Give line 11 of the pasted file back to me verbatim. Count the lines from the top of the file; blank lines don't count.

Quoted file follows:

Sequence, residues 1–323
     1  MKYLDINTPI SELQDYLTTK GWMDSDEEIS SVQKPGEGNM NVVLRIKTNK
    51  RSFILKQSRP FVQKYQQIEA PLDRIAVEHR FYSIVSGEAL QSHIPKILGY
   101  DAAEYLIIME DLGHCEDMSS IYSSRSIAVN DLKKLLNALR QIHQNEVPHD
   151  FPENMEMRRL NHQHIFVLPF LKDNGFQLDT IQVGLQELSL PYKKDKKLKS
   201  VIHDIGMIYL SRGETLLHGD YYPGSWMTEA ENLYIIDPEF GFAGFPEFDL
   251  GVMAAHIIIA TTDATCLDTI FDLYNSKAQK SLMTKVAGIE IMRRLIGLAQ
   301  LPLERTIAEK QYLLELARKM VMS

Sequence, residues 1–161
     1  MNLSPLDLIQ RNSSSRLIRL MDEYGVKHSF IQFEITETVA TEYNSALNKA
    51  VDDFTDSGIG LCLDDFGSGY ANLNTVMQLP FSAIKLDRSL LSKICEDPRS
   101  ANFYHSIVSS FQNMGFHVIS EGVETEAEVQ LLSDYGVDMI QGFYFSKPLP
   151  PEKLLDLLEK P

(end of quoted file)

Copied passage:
    51  VDDFTDSGIG LCLDDFGSGY ANLNTVMQLP FSAIKLDRSL LSKICEDPRS